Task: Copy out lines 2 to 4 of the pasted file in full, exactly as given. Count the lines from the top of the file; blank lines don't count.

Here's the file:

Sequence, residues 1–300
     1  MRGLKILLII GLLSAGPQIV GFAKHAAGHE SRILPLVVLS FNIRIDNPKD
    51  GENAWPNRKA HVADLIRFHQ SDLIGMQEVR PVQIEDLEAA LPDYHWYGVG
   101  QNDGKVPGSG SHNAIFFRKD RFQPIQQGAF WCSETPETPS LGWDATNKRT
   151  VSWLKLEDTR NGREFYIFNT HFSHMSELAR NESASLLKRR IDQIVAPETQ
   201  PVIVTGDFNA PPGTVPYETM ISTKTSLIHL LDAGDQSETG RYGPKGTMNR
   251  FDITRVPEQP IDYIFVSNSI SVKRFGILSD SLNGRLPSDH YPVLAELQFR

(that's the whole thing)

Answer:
     1  MRGLKILLII GLLSAGPQIV GFAKHAAGHE SRILPLVVLS FNIRIDNPKD
    51  GENAWPNRKA HVADLIRFHQ SDLIGMQEVR PVQIEDLEAA LPDYHWYGVG
   101  QNDGKVPGSG SHNAIFFRKD RFQPIQQGAF WCSETPETPS LGWDATNKRT